A Living Syncretic Revivalism

My recent post “Toward A New Paganism” has caused quite the stir! I’m truly excited to see so many people interested in my writing, and, more importantly, in the theological discourse I had hoped to drum up. Now, as promised, I’d like to try and respond to a few of the questions from the comments. I’d like to begin that process by first looking at the subject of diversity, which was brought up by Hrafnkell:

He said,

I do not like the idea, suggested by you, of a “a living syncretic revivalism”. I believe that diversity is a strength, and not a weakness.

I suppose I didn’t quite take the time to explain exactly what I meant by a “syncretic revivalism,” and so I will do that now. That will, I hope, show that I am in no way advocating for a decrease in diversity – in fact, I’m arguing for greater diversity than already exists.

Imagine an apartment building. The residents of this apartment building all live in their own apartments and do their own thing. Sure, they may see each other in the hallways and hold the door for each other occasionally, but they don’t know each other. They aren’t friends. They aren’t a community, even though they all live near each other.

To me, this image illustrates the nature of Pagan Reconstructionism today. Each group of Recons does their own thing: they don’t mingle, and they don’t really know each other. They are essentially independent of each other, even though they fall within the same general part of the religious landscape.

This apartment analogy also illustrates the nature of a pre-existing lack of diversity among Pagans, since ‘diversity’ would imply a sort of internal integration that does not currently exist. We must come together and, then, continue to interact with each other before any true diversity can develop.

I believe that this interaction among the various divisions of Paganism would more accurately reflect the nature of the Afro-Eurasian* continuum that existed for thousands of years – that is, this “revivalism” of a dynamic, living interaction between religious traditions would more truly “reconstruct” the nature of pre-Christian practice than what is currently done by Recons, which is, I think, too disconnected.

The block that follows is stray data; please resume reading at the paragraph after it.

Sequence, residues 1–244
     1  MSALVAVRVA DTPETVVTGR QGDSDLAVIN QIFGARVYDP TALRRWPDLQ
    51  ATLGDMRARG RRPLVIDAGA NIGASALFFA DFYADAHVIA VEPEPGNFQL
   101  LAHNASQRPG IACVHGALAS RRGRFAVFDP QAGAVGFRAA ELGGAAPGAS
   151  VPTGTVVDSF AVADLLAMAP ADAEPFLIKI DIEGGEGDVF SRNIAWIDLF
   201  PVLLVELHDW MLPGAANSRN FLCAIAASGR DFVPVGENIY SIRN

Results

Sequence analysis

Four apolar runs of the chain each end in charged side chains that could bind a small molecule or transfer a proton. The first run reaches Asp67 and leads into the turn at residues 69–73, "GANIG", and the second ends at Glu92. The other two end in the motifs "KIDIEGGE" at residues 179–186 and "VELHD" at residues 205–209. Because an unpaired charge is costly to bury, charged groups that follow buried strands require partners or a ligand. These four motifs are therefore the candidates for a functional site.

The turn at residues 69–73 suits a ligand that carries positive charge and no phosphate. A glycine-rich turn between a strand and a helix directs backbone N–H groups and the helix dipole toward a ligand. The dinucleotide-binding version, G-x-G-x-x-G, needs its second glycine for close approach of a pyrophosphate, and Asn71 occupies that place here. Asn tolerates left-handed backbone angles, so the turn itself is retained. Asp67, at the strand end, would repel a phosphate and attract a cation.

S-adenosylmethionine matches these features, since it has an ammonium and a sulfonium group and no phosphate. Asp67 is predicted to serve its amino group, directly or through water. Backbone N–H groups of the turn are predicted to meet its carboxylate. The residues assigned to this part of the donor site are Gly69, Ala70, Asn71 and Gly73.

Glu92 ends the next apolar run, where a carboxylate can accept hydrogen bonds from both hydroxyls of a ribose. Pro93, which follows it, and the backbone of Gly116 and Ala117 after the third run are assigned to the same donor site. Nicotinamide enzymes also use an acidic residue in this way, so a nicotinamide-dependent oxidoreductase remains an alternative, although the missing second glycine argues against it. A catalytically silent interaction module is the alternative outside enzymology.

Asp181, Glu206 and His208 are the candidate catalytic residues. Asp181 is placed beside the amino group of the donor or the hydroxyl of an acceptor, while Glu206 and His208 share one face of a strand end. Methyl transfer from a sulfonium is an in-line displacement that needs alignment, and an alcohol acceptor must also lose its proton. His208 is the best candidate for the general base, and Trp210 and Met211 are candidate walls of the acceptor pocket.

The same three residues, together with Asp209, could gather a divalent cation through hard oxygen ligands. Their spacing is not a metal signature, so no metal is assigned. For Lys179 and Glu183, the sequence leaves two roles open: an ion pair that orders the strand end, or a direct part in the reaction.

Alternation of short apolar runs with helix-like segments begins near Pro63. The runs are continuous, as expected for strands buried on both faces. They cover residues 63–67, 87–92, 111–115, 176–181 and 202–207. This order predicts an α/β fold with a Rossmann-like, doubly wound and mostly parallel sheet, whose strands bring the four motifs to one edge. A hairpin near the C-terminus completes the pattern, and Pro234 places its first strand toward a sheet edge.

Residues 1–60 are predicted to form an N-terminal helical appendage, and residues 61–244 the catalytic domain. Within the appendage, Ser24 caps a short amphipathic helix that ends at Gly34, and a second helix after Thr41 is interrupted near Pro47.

It seems to me that modern Reconstructionism has fallen prey to an academic pidgeon-holing. Everyone knows that Recons (and I include myself in this) are, for the most part, a group of stodgy intellectuals who like to read old books and peruse the latest research. Meanwhile, the set-up of modern academia separates and bounds knowledge into distinct subjects such as Celtic Studies, Germanic Studies, Egyptology,  and Classics. These two factors have the effect of separating Recons into groups that overlap with those academic disciplines and that, therefore, do not overlap amongst themselves.

But the real nature of the Ancient world was so much more muddled than this. Groups of people overlapped. Cultural boarders shifted and became porous. This mixing together (into a colorful and living pattern, not into a grey, undifferentiated mass) is what I have called “syncretism”. So, by “syncretic revivalism,” I mean a state in which Reconstructionists are aware of the beliefs and practices of other Recons and, from that point, are able to engage in a dynamic, modern return to the diversity and interplay of the ancient world.

THEN, imagine what effect such a dynamicism would lend to Paganism in the modern age, especially in America, when we would be encountering Abrahamic faiths (as multifasceted and diverse as can be imagined – cf. Santisima Muerte, Hoodoo, etc) and other, modern faiths. This is, in effect, what has actually happened to ancient beliefs that have successfully survived into the present. Again, see Santisima Muerte – or Mary, for that example.

I believe that reviving this dynamic interaction we will be able to make our ancient faiths new again. Many Recons will disagree with me, but I think that it is impossible for us to really live out the practices of our ancestors without acknowledging that they lived in the “modern” world of their era and that, because of this, we must live in our own modern world. We have to break down the barriers that separate us and allow for a re-activating, not just a dead re-construction, of the Old Ways. This would not be the creation of a Pagan “monoculture,” but a resuscitation of historical realities that would lend modern Paganism a new life.
*I’ll not comment at present on Indo-American Reconstruction, as that is a whole OTHER box of spiders that I’ll deal with eventually.

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About John Harness
John Harness is an artist and educator in Chicago. He is a member of Socialist Alternative and the Klingon Language Institute. He writes about political activism and roleplaying games.

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